Building # 5 Storage Cellar (1888): This is a 5 story, 58' x 144', functional in design building with stretcher bond front facade and common bond rear and side facade. The front facade is distinguished by its recessed three bay symmetrical fenestration with its window and door bays blocked up by wood at an unknown date. Plain lintels and lug sills adorn the windows. The second floor has semi-circular brick lintels and sills that evolve into a string course. The south side bay is pierced by a catwalk that connects to the Storage Building across the street. The third floor has small paired windows in each bay with plain detail. A small rectangular raised parapet rests atop the small projecting cornice supported by several courses of oversailing bricks. A fifth floor with clapboard wall material is set back from the main facade. This is capped with a slate mansard roof pierced by numerous small dormers along three facades.

The interior is functional in detail with concrete floors, wrought iron stairs and plain window surrounds. The building was used to house numerous ageing tanks that were constructed of fiberglass.

Building # 6 Racking and Wash House (1903): This is a 5 story, common bond brick, 44' x 232', building that exhibits little architectural detail to highlight it functional use. The exterior walls have a modest number of windows that have either been bricked or blocked up with wood. Most exhibit brick segmental lintels and lug sills. The building sits next to a small walkway at the west facade ant its north and south ends abut adjoining buildings. The majority of decorative detail is found on the east facade at the roof trim. This is accentuated by several oversail brick courses supporting a low parapet that rises at its highest in the center. This facade is pierced by an elevated walkway at the second floor that connects to an adjoining building on the east.

The interior of the building is plain in detail and has simple window and door surrounds. The concrete floors are mostly clear span with few supporting columns to break the plan. Originally this building housed the machinery used to wash out and fill the beer kegs.

Building # 7 Bottling Shop (1918): This is a large 130' x 181', 2 1/2 story brick building exhibiting eclectic architectural details. The main north symmetrical facade is distinguished by its distinctive fenestration and stepped parapet concealing a clerestory roof. Significant architectural details include a raised ashlar foundation, large semi-circular brick and stone lintels and lug sills. The door and paired window openings have been boarded up with wood. The central part of the second floor exhibits large paired 4/4 windows with four part rectangular transoms. Flat voussoir lintels with keystone complete the window detail. The third floor of the central bays have small paired windows with linked semi-circular brick lintels articulated with keystones and stone coping. The larger central window has a multi-sash window, lighted transom, keystone and stone coping. A large parapet with corbel courses has a nameplate that reads "THE GEO. WIEDEMANN BREWING CO.". A smaller parapet, added at an unknown date completes the detail of the central bays.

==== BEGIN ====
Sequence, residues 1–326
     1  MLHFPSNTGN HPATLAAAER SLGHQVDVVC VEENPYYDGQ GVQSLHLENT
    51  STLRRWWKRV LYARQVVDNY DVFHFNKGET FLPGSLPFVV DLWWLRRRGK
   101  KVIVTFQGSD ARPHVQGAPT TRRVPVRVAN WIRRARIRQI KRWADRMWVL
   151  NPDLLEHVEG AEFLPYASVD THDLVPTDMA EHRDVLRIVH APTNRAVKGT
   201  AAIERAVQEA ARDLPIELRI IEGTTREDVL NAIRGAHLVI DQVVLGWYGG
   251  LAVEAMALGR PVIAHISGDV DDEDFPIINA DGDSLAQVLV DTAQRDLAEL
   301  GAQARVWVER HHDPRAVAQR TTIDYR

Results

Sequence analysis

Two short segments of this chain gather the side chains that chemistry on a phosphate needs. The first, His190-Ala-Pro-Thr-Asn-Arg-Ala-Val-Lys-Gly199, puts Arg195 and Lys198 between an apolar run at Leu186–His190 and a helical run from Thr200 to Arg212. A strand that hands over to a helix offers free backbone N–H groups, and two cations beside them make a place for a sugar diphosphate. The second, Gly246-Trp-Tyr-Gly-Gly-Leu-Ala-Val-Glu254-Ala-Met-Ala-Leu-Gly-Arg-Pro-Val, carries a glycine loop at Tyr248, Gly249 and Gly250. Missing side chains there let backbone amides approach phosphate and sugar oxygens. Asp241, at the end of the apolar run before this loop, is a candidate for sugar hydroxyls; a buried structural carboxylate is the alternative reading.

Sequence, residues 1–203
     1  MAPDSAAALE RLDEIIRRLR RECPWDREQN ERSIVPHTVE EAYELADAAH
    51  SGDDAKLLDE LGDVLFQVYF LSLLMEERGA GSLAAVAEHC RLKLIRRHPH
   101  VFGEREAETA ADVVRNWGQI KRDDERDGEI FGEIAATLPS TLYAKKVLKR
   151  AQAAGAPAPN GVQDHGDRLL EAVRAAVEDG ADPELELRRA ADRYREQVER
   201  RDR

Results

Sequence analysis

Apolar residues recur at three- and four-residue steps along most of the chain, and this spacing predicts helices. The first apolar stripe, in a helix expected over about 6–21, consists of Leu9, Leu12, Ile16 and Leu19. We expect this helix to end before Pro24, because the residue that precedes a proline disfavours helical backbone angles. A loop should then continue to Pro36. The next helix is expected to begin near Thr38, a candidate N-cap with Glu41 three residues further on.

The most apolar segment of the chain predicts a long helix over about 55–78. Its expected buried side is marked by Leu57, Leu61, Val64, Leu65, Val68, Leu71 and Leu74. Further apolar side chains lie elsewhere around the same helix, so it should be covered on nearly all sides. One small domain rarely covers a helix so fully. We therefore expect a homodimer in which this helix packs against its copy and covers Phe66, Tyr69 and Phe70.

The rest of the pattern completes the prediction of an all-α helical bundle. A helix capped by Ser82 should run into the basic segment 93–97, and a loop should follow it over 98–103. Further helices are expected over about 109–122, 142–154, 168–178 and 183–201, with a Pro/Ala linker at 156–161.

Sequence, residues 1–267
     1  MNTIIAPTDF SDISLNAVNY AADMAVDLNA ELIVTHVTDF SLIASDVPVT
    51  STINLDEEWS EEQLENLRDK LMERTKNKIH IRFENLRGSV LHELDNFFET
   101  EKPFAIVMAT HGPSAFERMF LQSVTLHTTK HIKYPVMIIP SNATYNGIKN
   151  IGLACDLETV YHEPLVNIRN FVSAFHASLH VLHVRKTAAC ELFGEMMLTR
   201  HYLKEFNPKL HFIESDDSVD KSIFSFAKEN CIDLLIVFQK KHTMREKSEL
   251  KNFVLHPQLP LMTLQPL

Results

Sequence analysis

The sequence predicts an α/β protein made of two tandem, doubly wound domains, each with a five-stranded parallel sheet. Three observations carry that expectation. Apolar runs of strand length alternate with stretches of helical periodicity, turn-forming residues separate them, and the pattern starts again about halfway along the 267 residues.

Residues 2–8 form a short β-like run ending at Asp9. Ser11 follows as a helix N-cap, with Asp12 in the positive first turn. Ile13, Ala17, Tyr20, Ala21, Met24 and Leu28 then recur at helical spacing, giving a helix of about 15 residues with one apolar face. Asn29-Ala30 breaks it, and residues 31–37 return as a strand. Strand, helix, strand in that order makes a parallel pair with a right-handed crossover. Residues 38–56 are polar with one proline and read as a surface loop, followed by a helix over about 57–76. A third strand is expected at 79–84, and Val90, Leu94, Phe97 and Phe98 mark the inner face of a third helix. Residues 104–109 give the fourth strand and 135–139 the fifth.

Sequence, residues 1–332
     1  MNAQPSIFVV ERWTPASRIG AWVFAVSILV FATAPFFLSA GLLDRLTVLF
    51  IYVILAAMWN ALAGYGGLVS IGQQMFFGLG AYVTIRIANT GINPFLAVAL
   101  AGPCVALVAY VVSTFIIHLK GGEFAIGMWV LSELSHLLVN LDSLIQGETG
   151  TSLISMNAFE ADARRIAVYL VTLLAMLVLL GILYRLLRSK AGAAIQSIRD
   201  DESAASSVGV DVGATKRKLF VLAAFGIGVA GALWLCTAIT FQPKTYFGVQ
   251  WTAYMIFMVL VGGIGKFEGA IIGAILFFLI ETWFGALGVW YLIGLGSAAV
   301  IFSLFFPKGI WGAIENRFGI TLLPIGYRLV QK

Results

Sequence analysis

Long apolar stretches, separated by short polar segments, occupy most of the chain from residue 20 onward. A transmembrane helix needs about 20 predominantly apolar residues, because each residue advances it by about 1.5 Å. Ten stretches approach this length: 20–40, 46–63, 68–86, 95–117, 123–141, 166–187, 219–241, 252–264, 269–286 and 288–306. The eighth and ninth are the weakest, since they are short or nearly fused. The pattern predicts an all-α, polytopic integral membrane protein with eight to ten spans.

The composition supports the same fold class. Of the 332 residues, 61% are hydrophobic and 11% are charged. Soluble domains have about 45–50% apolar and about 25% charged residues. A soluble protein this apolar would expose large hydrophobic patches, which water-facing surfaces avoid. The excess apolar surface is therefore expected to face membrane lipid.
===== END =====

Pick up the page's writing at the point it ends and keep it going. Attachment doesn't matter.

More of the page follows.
Flanking the central bay on either side is a decorative five bay wall treatment with windows gradually increasing in length as they go toward the center. They terminate with brick segmental arches. Window bays are divided by engaged flat columns that rise to terminate at a stepped parapet supported by several dentil courses.

The east side facade located next to Putnam Alley exhibits a fenestration composed of paired windows, several of which have been blocked or bricked up, with semi-circular brick lintels capped with stone coping. Dentil courses support the projecting cornice at the first floor. The first two bays of the upper facade are pierced with an elevated walkway joining the building on the east side of the alley.

The interior is distinguished by a large open area that originally housed the bottling shop. Decorative wrought iron articulates the second floor mezzanine railing. The dominate architectural feature is the iron truss system supporting the three clerestory roofs.

Building # 7A Bottling Shop (remodeled 1974): Essentially this is a large enclosed space, "L" in plan, 27' x 200' and lacking any exterior distinction. The interior roof exhibits concave arcading.